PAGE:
Incumbency as a factor in the award of TRICARE’s $58 billion managed care support contracts (Nov. 27, 2016)

OFCCP’s five-year moratorium on enforcement actions against TRICARE providers (Apr. 14, 2014)

TRICARE hospitals and pharmacies are not subcontractors (Jan. 9, 2012)

Contractors interested in the application of FOIA Exemption 4 should take note of the Ninth Circuit’s decision in American Small Business League v. Dep’t of Defense, No. 15-15120 (9th Cir. Jan. 6, 2017). The issue in the case was whether a declaration submitted by a Sikorsky Aircraft Corporation employee was sufficient to show the competitive harm necessary to withhold small business subcontracting data obtained from Sikorsky. The Sikorsky declaration was short, but it identified Sikorsky’s competitors and asserted that its small business subcontracting data could be used to gain a competitive advantage.

Soldiers conduct air assault operations on the deck of the 8th Theater Sustainment Command's Logistical Support Vessel-2, the Harold C. Clinger off the coast of Honolulu, Jan. 11, 2016. The soldiers are assigned to the 25th Infantry Division.
Army photo by Sgt. Jon Heinrich

In a November 2014 order, the District Court found the declaration too vague. It lacked “reasonably specific detail” as to the likelihood of competitive injury. It did not show how information found in the subcontracting plan would be “likely to cause substantial competitive injury.” Proof of competitive harm was based only on the fact that a Sikorsky competitor “could” use Sikorsky’s data to cause harm. In the words of District Judge William Alsup, “[t]hat is not enough to grant summary judgment for the agency.” The District Court ordered the government to produce Sikorsky’s master subcontracting plan, subject only to appeal.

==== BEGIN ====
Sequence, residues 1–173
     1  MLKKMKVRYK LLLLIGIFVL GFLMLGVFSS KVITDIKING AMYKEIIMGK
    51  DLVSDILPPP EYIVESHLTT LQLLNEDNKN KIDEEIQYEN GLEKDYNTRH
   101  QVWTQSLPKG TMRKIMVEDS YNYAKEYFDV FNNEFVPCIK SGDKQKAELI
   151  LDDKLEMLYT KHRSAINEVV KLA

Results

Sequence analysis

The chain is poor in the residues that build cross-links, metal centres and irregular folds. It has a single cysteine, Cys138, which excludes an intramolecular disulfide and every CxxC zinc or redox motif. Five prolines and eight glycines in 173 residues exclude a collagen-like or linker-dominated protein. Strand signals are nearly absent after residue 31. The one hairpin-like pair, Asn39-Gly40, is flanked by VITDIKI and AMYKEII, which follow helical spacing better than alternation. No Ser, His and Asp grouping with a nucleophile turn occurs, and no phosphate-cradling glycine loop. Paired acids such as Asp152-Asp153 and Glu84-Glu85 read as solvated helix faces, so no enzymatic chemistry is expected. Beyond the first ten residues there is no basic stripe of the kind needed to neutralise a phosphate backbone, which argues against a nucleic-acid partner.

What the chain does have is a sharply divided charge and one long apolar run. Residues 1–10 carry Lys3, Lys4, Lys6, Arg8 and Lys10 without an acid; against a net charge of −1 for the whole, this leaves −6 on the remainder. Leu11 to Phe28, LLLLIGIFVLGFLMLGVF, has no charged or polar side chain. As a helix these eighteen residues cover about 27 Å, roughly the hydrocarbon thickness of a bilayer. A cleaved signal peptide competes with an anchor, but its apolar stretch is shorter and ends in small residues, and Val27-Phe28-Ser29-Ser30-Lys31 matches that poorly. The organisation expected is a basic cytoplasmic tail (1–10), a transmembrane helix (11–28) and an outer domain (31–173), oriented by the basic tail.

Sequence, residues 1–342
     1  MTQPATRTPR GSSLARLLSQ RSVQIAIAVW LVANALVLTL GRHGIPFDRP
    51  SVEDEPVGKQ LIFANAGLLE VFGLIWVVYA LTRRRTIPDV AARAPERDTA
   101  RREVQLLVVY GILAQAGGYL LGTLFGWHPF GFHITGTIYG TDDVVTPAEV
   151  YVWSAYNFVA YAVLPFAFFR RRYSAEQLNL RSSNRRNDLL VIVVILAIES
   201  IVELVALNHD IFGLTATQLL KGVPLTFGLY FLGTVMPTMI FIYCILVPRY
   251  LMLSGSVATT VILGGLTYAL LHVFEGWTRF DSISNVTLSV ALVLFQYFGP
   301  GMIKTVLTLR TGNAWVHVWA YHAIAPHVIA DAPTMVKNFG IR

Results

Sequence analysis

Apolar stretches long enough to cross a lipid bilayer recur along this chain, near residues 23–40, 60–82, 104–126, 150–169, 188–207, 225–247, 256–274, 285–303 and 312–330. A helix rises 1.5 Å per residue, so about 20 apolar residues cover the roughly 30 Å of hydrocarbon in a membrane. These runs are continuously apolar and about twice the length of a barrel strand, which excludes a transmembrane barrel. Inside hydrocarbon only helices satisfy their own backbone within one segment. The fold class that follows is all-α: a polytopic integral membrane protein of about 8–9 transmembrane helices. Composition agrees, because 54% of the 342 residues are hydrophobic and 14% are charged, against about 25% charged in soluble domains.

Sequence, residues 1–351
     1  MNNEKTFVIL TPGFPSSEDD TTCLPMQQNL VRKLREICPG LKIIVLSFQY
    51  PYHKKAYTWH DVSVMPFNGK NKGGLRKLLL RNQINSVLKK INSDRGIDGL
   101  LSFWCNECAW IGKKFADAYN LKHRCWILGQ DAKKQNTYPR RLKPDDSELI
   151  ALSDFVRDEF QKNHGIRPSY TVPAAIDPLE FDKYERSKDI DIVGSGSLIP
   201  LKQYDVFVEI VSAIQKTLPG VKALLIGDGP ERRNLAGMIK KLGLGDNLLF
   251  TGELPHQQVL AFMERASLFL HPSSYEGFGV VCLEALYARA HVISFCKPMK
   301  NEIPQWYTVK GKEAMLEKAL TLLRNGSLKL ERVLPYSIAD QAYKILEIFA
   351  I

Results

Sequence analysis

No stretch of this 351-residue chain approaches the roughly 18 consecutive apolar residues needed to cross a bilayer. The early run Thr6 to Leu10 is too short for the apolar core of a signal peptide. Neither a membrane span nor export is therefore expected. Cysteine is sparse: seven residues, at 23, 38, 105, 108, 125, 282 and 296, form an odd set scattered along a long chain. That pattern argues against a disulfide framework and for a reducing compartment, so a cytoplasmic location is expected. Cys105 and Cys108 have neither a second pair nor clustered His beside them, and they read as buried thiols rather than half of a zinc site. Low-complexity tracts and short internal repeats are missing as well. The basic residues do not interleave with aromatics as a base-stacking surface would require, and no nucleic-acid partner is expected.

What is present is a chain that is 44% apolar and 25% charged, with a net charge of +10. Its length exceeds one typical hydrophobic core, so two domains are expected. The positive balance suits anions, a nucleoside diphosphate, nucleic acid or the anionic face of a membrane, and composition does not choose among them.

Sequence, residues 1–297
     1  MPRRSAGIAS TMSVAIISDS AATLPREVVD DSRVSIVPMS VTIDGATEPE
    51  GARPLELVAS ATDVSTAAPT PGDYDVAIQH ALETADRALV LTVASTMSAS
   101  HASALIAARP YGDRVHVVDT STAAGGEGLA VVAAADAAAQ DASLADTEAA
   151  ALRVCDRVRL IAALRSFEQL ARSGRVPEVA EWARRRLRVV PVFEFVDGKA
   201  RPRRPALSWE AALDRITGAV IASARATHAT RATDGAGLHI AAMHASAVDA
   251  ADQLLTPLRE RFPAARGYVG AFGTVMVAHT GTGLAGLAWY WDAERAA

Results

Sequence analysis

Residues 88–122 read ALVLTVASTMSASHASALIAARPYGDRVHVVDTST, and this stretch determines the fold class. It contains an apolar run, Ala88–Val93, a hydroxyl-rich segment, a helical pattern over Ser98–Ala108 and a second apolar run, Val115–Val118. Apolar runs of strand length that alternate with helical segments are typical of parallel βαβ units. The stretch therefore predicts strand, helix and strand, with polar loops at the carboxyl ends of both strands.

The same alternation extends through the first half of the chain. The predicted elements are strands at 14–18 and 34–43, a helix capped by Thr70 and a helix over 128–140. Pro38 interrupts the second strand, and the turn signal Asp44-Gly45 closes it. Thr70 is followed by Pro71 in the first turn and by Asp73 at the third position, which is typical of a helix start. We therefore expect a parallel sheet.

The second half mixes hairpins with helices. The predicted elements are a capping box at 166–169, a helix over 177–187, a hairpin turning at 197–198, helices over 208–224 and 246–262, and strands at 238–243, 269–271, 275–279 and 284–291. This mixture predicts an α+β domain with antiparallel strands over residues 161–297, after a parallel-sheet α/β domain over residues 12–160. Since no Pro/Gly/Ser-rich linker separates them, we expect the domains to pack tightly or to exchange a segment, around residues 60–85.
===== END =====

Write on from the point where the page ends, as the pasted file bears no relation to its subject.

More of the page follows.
Continue Reading The Ninth Circuit sides with DOD on Sikorsky small business subcontract data

Earlier this year we wrote about the final regulation consolidating most of the Federal Small Business Mentor-Protégé program under one office at the Small Business Administration. See 81 Fed. Reg. 48558 (July 25, 2016). The regulation expands the popular Mentor-Protégé program and should provide significant benefits to many more large and small companies. You can read our original post here.

One of the questions raised in comments on the draft regulation was how the SBA would cope with the expected significant increase in its workload. Accuracy and turn-around time are important elements of the SBA’s review role. In the final regulation, SBA generally addressed those concerns by promising to find new and improved ways to deliver the service. They committed to take one step at a time and scale up as needed.

It has now been five months since the final rule was published. We asked SBA Mentor-Protégé Director Holly Schick for a progress report on the transition. Director Schick says that the SBA has moved steadily if incrementally, to ramp-up the program.

Continue Reading Progress Report: SBA Mentor-Protégé Program rolls out and moves forward